Bill Would Extend SNAP to College Students, Fight Food Insecurity
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- Current rules prevent many college students from qualifying for SNAP benefits.
- This proposal would open access to many low-income students.
- The bill is an attempt to address the growing issue of food insecurity at U.S. campuses.
As the end of the semester nears and financial aid dries up for the year, food security is a top concern for about 5 million students across the U.S.
The Supplemental Nutrition Assistance Program (SNAP) addresses food insecurity for many low-income Americans. However, college students have largely been barred from participating in the federal program because of strict work requirements.
A newly proposed bill, however, would include more college enrollees in SNAP and potentially lower the percentage of students experiencing food insecurity.
U.S. Rep. Al Lawson of Florida introduced the College Student Hunger Act of 2021 in October. The bill, which has 43 co-sponsors in the House of Representatives, would lower the work requirement for students to qualify for SNAP benefits and open the program up to those receiving certain kinds of federal financial aid. It would also create a pilot program to test the concept of students being able to use SNAP to purchase meals on campus.
Thomas Hilliard, senior policy analyst at the Hope Center, told BestColleges that this legislation would be the most substantial federal action aimed at addressing student hunger since the enactment of the Mickey Leland Memorial Domestic Hunger Relief Act in 1991.
"The bottom line is that it has been easily a good 30 years since the federal government has done anything to help college students in this way," Hilliard said.
What's in the College Student Hunger Act?
Currently, part- and full-time college students are not eligible for SNAP benefits unless they meet one of eight exemptions listed in the Food and Nutrition Act of 2008. Those exemptions include students who are:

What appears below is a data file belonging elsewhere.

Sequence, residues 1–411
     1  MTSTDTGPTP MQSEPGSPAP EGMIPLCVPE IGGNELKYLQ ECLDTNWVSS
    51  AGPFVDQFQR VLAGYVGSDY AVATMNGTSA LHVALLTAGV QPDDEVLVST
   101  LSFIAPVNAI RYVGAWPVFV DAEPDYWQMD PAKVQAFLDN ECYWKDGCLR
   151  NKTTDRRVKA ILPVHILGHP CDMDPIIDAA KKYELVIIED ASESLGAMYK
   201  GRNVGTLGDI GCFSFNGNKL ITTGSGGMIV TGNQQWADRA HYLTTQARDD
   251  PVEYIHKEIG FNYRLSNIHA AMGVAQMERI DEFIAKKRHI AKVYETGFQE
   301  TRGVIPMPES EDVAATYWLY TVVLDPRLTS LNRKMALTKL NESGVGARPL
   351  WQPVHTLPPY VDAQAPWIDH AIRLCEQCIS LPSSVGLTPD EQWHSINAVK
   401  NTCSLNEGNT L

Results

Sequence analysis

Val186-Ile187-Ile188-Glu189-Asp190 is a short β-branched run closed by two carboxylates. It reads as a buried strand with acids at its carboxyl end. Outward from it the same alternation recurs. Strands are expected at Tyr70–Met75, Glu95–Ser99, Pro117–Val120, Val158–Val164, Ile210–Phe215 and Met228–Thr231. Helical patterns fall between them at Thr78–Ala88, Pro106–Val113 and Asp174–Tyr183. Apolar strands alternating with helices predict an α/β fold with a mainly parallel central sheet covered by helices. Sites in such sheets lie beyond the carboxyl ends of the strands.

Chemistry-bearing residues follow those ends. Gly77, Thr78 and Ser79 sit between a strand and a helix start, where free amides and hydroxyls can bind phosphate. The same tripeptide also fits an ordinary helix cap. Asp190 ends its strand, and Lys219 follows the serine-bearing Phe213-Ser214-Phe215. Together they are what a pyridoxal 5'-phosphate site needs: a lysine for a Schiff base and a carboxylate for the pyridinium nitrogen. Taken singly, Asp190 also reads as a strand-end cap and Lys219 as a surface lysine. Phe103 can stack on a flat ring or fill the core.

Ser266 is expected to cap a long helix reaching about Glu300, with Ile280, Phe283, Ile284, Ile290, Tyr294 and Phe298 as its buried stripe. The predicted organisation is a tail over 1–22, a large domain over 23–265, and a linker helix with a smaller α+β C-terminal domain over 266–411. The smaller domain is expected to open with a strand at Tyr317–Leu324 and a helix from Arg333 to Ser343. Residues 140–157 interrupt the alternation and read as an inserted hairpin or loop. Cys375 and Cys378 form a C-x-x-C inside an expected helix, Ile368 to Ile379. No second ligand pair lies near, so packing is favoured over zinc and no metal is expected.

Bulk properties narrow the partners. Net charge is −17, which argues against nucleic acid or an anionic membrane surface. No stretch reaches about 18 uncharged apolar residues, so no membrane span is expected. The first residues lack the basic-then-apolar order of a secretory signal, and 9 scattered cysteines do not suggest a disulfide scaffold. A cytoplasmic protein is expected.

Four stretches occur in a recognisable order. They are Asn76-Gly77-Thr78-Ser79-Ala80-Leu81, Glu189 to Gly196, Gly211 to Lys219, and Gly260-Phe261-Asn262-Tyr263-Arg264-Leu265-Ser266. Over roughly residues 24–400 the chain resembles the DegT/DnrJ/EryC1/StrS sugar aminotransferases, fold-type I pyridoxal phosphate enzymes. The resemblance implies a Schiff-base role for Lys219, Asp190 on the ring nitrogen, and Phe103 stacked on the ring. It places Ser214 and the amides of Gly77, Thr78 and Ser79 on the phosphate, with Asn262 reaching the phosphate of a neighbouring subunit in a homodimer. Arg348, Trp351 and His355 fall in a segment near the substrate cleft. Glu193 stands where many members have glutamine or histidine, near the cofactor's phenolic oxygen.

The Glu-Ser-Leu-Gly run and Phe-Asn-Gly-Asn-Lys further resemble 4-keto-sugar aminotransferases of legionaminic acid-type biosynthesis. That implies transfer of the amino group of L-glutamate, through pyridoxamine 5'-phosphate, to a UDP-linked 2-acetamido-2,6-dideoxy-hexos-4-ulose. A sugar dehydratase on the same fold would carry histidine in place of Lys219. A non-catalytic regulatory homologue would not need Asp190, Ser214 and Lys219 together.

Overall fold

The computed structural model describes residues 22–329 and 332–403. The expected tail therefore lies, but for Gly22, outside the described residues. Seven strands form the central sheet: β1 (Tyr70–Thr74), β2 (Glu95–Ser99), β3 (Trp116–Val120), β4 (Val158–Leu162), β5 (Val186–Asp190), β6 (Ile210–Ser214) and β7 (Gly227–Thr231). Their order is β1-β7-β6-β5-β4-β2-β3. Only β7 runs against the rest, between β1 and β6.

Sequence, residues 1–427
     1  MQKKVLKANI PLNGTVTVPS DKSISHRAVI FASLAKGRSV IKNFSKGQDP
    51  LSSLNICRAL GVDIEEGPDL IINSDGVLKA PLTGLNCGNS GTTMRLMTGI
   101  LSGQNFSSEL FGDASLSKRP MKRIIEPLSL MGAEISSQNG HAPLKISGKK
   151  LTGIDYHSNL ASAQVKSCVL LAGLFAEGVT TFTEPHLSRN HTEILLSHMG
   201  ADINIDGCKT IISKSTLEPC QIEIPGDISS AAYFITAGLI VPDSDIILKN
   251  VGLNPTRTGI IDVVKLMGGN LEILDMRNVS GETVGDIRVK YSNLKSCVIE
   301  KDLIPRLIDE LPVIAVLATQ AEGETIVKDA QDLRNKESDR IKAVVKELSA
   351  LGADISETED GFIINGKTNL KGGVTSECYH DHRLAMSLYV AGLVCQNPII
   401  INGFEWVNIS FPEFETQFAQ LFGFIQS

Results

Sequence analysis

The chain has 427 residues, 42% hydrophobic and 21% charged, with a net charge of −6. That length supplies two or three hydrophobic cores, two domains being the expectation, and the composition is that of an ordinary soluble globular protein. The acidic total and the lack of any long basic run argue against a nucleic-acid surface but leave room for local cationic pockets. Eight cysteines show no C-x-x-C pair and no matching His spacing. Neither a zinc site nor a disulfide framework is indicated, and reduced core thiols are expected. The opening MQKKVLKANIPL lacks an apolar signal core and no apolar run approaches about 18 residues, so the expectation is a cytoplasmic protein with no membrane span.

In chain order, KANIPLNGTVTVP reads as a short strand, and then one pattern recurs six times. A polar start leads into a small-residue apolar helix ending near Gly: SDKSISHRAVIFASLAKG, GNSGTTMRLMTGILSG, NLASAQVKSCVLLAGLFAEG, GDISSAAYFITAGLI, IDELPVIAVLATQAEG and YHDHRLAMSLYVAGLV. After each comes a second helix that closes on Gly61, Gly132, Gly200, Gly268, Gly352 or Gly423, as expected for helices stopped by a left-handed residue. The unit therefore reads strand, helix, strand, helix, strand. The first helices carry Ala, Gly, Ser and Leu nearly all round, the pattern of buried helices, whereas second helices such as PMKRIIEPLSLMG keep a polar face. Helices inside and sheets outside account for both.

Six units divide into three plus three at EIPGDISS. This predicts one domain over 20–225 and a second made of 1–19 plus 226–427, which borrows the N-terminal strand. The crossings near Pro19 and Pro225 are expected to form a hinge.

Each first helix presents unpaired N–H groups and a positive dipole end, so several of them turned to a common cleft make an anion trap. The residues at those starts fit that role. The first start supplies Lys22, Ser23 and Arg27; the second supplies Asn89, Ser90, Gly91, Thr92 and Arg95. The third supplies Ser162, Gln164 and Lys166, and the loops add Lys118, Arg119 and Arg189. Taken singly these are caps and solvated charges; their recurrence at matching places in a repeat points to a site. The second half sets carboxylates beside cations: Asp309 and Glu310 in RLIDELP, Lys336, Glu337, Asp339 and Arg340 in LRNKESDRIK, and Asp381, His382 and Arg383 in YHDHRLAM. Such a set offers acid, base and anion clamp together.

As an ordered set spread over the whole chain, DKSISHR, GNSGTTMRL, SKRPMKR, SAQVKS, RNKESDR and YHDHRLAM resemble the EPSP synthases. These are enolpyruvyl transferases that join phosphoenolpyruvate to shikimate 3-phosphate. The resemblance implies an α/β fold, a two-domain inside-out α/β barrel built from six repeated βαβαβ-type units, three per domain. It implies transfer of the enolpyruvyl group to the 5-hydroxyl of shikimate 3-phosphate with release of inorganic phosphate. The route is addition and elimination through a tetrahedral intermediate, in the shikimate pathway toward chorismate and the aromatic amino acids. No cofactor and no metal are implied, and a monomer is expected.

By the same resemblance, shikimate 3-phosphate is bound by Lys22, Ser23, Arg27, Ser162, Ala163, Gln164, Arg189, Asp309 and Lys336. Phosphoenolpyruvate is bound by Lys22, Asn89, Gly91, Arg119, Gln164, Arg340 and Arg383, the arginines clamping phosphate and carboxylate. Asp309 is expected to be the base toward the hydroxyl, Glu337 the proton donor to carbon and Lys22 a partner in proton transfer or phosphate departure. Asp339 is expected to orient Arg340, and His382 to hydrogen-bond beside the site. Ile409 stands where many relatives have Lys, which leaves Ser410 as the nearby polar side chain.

- Under the age of 18 or over the age of 50
- Not "physically or mentally fit"
- Assigned to a school through the requirements of the Workforce Innovation and Opportunity Act
- Employed a minimum of 20 hours per week
- Enrolled full time as a single parent with responsibility of a child under the age of 12
- A parent with the responsibility of child under the age of 6, or with a child from 6 to 12 for whom adequate childcare is not available
Most notably, the College Student Hunger Act of 2021 would add an exemption for any student deemed eligible for a federal Pell Grant. With nearly 7 million students receiving Pell Grants each year, this could massively expand the pool of potential SNAP recipients.
The proposed bill would also open up SNAP benefits to all students with an expected family contribution (EFC) equal to zero, as determined by the Free Application for Federal Student Aid (FAFSA). All students classified as "independent" under the Higher Education Act would also qualify for the exemption.
Some of these proposed changes aren't too far off from a temporary update to SNAP eligibility currently in place due to the COVID-19 pandemic. As of Jan. 16, students who are eligible to participate in state or federally financed work study or who have an EFC of zero can receive SNAP benefits. However, this change will expire 30 days after COVID-19 is no longer deemed a "public health emergency" by the federal government.